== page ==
Oracle Corporation Stock Price Chart 9/1/2010 to 3/20/2012

Source: Yahoo Finance

Mr. Hurd's business performance track record is quite impressive. Whether at NCR, HP, or Oracle, shares of such companies seem to appreciate while he is there. Had he remained at HP, what could have turned out different? Some may argue that there was nothing he could have done, as the PC industry was actually in decline. However, Mr. Hurd has always been known to possess three major strengths: 1- ability to improve operating efficiency (hence margins), 2- ability to improve financial performance (hence profits) and 3- ability to focus his company on the customer (hence non-commoditization and product differentiation).

All such talents are exactly what HP seems to be lacking today. Even if Mr. Hurd presented reputational risk for HP, resulting in no choice but for his ultimate departure, had HP maintained focus on such three principles, the fortunes of its share price could have been much different. Those who bemoan the demise of the computer industry should beware, as NCR's original cash register business is even more outdated than the PC, and yet NCR did very well while Mr. Hurd was there, as he improved its margins, migrated to customer oriented products and succeeded in increasing profits substantially. Just as a souvenir, here is a picture of NCR's original business (the company used to be called National Cash Register):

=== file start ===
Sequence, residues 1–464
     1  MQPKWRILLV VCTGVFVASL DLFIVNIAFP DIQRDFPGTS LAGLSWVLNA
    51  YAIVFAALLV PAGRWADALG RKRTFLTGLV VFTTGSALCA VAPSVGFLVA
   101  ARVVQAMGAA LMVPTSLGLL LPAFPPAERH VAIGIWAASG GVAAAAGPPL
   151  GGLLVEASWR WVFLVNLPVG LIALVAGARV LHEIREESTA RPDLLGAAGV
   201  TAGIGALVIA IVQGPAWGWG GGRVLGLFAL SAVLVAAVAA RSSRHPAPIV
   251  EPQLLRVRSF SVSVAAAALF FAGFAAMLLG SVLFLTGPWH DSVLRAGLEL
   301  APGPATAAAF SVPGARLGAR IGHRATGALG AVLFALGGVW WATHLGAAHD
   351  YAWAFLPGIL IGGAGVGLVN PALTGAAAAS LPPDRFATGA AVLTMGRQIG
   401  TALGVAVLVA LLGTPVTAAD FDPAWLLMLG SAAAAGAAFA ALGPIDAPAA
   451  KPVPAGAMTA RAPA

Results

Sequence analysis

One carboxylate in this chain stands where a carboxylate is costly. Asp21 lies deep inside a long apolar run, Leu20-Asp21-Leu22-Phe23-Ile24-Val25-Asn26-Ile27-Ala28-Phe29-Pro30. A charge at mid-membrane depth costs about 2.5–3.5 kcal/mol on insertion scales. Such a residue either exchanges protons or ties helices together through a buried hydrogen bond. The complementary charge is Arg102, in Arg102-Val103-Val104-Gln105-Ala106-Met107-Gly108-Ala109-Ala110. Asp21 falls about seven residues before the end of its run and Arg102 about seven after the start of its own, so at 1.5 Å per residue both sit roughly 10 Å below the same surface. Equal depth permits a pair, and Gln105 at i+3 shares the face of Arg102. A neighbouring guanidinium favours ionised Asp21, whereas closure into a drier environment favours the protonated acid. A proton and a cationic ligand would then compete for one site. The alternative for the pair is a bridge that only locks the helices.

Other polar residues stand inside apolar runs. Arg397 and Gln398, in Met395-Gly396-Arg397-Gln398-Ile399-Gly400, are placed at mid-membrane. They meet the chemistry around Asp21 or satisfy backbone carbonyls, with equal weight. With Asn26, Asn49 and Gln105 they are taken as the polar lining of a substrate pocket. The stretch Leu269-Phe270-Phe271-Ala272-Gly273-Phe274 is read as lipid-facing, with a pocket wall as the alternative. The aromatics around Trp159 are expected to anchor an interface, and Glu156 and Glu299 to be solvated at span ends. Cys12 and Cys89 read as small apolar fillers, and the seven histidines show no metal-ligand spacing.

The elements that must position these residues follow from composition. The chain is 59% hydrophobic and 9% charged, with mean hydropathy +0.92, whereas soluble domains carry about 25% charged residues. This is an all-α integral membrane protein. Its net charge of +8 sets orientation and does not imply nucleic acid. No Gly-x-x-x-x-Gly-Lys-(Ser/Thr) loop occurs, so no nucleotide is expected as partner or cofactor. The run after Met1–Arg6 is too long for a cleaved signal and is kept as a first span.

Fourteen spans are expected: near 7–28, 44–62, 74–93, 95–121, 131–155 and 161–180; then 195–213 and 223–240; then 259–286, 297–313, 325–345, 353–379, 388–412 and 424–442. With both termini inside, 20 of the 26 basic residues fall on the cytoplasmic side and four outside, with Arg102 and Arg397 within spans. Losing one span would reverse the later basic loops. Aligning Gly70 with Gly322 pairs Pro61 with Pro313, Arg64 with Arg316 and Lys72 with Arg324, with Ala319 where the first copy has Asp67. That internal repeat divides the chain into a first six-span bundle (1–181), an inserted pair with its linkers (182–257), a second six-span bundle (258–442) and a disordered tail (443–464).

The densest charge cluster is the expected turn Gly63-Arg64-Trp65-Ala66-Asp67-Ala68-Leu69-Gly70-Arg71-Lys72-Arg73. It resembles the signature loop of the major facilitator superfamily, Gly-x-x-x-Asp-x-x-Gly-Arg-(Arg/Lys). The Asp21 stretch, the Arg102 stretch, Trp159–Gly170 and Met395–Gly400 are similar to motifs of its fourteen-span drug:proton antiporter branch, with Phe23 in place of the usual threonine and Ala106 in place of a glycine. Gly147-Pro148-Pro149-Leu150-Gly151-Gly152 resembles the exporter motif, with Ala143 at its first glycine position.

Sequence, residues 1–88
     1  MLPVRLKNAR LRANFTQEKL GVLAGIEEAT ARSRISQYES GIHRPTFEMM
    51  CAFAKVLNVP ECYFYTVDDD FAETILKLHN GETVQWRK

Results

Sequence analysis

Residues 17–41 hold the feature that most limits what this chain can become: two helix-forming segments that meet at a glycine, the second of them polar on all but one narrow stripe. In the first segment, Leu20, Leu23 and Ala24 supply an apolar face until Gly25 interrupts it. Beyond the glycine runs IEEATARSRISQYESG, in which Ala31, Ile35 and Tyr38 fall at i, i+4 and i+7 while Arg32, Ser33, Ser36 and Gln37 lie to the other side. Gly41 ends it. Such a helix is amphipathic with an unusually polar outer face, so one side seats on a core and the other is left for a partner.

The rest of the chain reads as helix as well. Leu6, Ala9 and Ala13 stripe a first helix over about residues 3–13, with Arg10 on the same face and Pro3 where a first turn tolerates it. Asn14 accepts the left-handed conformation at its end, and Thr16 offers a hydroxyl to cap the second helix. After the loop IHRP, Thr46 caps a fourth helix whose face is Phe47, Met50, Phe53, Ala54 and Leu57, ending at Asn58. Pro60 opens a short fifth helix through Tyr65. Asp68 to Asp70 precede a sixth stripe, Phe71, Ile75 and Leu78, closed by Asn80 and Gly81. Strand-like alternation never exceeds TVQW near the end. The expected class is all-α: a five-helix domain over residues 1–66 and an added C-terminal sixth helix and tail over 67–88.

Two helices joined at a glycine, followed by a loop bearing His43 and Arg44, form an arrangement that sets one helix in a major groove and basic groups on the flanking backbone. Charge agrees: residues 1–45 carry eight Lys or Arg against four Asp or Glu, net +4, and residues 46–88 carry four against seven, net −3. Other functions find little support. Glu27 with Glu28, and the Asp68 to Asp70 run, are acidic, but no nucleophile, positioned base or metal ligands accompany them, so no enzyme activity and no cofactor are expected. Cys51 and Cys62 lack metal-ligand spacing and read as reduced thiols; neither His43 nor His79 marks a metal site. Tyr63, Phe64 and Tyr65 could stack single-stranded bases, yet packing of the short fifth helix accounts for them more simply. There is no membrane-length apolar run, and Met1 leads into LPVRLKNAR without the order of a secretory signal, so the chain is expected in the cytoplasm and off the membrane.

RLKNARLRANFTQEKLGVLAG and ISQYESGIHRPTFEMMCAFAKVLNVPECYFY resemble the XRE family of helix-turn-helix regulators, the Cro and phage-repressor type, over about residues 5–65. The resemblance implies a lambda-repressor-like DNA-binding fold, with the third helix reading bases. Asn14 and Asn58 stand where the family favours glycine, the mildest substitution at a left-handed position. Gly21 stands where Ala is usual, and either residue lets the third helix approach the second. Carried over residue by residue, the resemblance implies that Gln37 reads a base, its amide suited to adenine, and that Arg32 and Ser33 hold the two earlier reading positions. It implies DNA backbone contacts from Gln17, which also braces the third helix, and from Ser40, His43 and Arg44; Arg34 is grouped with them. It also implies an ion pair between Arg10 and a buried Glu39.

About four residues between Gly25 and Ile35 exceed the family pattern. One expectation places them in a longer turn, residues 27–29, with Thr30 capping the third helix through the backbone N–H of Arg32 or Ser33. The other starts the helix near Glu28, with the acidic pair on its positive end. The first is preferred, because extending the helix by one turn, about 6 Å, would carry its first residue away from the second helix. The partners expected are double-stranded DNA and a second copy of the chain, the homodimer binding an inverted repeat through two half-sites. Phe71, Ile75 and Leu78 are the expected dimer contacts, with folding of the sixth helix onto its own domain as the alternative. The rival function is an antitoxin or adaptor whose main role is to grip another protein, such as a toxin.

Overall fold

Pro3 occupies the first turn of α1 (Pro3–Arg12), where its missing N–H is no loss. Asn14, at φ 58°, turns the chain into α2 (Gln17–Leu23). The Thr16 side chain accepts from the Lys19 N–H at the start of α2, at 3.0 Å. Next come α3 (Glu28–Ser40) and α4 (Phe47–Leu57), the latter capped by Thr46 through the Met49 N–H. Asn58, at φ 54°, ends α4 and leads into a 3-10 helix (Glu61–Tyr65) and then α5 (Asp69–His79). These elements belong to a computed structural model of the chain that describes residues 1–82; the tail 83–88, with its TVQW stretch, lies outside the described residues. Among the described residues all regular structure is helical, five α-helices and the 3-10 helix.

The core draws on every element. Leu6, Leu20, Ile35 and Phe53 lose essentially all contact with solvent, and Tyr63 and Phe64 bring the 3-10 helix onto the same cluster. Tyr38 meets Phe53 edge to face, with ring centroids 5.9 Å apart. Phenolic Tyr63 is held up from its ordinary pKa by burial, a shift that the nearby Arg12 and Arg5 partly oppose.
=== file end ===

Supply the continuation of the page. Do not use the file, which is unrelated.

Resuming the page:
Source: Wikepedia
Sometimes, a single person can indeed make a difference for a company. Similarly, in absence of such person, the application of a single person's forte can also turn fortunes around. Think of what Steve Jobs did for Apple Inc. (NASDAQ:AAPL). In an article we published on 8/26/2011, "Apple without Jobs: it's how it works, not just how it looks", we identified Steve Jobs' formidable strength of how he defined creativity as he said: "creativity is just connecting things". It sounds very simple, but very few people can actually connect things as well as Jobs did. That talent was the catalyst for building a half a trillion dollar company. Similarly, think of what Bill Gates did for Microsoft (NASDAQ:MSFT). It is virtually impossible to think of Microsoft, and not immediately associate it with Bill Gates.